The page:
If you’ve ever meditated before, odds are you’ve noticed the calming effects of this practice. Maybe mindfulness meditation has helped you to reduce the stress you’re feeling in that moment. Perhaps it’s helped you to lead a less stressful life in general. But if you’re like me, you probably can’t help but wonder: How is this possible? How on earth does something as simple as meditation create such a change in my life?
Before going into how meditation helps us manage stress, let’s first recap what stress is and what it does to the body. Stress is a survival mechanism from our caveman days. When we see a perceived threat or, these days, an unmet need or task to complete we feel stress and go into “fight or fly mode”. As a result, the hormones cortisol and adrenaline are released into our bodies, causing our hearts to beat faster, our blood pressure and blood sugar to rise, our immune system to be suppressed, our breathing to quicken and less blood supply to be delivered to our digestive tract. If stress is only temporary, then these things don’t pose a problem; in fact, they can boost our performance, focus and capabilities, helping us conquer whatever it is that’s causing us stress.
The problem is when stress becomes a chronic, ongoing state of the body and mind. This continuous release of cortisol and adrenaline can then, in turn, lead to serious health issues including high blood pressure, heart disease, migraines or diabetes, to name a few.
When we pause and take the time to meditate, we are making an active decision to make a shift from a noisy, over-stimulated, and over-charged state of mind to a calmer, quieter one. In order to do so, we focus on our breathing; taking in deep breaths and observing them. We pay attention to what thoughts are emerging in our minds without getting caught up in them. Instead, we let them drift by, detaching the hooks that used to latch onto our mind for days. We notice the feeling of our feet on the ground, the temperature of the air, the smell of the room.
In focusing on the moment in this way, we send signals to our brain that say “We are safe. We are ready to be calm.” After receiving these signals, our brains gradually begin to calm itself, thereby sending signals to the rest of our body to release and relax. Our heart rate goes down, our breathing slows and becomes deeper. As a result, the different side effects of stress dissipate, and our bodies resume their normal functions in a calm state of being, improving our overall health and wellness.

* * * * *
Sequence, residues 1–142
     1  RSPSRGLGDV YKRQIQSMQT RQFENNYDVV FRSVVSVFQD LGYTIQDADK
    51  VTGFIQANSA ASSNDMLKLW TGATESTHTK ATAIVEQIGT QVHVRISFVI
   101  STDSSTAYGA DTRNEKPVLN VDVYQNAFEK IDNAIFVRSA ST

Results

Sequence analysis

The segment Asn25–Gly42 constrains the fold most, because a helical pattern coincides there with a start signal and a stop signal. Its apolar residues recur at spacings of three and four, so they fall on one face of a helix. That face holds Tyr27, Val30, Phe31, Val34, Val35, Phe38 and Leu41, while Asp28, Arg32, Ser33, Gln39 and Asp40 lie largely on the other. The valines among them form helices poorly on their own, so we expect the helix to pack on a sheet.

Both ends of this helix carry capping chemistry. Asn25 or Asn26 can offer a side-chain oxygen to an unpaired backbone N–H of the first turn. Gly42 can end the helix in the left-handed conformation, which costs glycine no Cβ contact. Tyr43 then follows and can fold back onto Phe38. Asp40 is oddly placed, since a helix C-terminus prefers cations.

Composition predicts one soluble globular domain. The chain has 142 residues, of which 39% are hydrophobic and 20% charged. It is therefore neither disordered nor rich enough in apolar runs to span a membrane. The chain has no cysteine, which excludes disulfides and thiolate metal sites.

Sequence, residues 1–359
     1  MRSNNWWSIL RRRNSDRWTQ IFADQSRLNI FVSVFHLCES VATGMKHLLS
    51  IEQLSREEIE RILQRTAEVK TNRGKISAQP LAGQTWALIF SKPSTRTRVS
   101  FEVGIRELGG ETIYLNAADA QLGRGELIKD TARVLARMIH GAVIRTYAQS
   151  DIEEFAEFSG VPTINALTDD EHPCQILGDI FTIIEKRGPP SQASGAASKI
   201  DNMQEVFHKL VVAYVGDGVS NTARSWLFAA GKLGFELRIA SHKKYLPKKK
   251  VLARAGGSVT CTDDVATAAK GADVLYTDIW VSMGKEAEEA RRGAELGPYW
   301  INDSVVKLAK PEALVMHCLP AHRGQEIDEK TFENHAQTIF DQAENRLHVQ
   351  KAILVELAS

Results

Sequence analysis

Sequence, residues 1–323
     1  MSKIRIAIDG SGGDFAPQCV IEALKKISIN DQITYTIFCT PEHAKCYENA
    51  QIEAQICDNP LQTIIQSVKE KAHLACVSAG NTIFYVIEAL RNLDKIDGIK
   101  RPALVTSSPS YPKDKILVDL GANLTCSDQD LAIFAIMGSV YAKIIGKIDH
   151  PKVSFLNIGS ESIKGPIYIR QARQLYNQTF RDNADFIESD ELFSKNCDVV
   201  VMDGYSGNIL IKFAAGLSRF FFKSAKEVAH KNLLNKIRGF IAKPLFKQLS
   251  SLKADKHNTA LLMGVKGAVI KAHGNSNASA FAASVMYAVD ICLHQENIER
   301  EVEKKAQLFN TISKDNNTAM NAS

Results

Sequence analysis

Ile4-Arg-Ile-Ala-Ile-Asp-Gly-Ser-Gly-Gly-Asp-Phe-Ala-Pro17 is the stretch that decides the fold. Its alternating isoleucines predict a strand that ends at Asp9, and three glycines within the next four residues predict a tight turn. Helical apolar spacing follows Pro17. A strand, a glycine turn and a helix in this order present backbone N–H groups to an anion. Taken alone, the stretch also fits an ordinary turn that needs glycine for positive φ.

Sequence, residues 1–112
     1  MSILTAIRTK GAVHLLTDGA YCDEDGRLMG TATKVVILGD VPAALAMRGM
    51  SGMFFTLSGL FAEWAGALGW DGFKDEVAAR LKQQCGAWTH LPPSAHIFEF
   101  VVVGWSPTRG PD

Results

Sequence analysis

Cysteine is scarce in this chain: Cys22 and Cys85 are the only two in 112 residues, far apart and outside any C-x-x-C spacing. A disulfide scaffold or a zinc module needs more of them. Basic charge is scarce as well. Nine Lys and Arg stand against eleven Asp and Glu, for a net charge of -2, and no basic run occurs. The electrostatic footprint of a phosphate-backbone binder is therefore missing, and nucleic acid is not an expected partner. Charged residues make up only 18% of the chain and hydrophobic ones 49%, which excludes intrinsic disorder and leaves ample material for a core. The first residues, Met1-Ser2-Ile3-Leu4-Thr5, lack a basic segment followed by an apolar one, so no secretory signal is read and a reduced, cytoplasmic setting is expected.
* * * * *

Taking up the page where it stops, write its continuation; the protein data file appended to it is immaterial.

Meditation is like going to the gym. The first time you go, you may only be able to run for a few minutes at a time on the treadmill. However, the more you practice and train regularly, the stronger and more resilient you’ll be. In time, you’ll be able to run for longer periods of time and not feel like keeling over after. Meditation works the same way. The more regularly you practice it, the better you’ll get at maintaining positive emotions and thoughts, especially when bad things suddenly happen.
We might not always realize it, but most of us lead pretty hectic lives. Call it a blessing or curse, most of us are pretty good at pushing ourselves well beyond our abilities, constantly putting our needs and wants aside to meet unrealistic standards set by others or, more often, ourselves. We continue putting ourselves second and then end up hitting a wall, depleted of all emotions, energy and motivation. What’s worse is that our culture rewards and encourages this behavior (i.e. sleep when you’re dead, FOMO, exhaustion and business as a status symbol). Though constantly pushing ourselves to this point wreaks havoc on our emotional and physical state.
Meditating on a consistent basis is a way to pump the brakes, force yourself to pause and tap back into that internal set of values that guide your day to day decisions. Meditation in itself is an act of self-care and promotes further consideration of your needs, well-being and boundaries. Instead of feeling like our schedule and time is out of our control, being sucked up by commitments, obligations and work, meditation acts as a tool that helps us regain a sense of that control. This, overtime, helps to stabilize our mood and general state of mind every day.
One thing we need to constantly remind ourselves is that meditation is not like a painkiller which will solve all of our woes and pain in an instant. We must be patient and consistent. Meditation is the practice of viewing different aspects of life from different perspectives. The more we practice, the more we’re able to carry that calm and objective vantage point with us well beyond the end of our meditations. At any moment, regardless of what emotion we’re feeling, we’re able to view the emotions and physical sensations with wisdom and serenity. That’s why it’s essential that we practice consistently in order to maintain this skill.
As you go deeper into your practice, you will always learn something new. You will build yourself up anew, step by step. Only through continuous practice can these learnings and revelations become further ingrained in your way of thinking and living.
What has been the biggest challenge you’ve faced in learning to meditate?
What has been the greatest benefit to consistently meditating?